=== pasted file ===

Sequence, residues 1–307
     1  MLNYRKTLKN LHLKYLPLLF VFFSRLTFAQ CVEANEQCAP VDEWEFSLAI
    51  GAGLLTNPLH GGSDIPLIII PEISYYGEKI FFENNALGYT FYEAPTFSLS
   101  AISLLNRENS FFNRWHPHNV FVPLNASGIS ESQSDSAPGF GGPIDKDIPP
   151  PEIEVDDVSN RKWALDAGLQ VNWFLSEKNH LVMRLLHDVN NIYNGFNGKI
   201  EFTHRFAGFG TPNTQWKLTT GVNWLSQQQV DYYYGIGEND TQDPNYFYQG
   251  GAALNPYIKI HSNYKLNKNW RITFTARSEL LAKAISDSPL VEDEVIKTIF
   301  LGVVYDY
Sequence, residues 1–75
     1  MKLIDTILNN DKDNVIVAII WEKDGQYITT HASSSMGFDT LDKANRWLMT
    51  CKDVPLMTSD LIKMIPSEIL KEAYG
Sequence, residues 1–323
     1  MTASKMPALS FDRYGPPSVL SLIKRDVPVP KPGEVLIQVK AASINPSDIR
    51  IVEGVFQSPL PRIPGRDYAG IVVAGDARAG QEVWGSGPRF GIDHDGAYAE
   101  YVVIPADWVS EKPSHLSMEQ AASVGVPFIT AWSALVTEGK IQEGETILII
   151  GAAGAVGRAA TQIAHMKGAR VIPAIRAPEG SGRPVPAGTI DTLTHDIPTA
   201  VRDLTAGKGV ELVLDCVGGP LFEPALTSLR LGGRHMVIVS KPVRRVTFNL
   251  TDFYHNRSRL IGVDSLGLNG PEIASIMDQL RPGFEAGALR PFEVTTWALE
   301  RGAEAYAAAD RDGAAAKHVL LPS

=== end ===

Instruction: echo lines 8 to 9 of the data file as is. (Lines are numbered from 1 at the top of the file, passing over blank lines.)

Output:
   301  LGVVYDY
Sequence, residues 1–75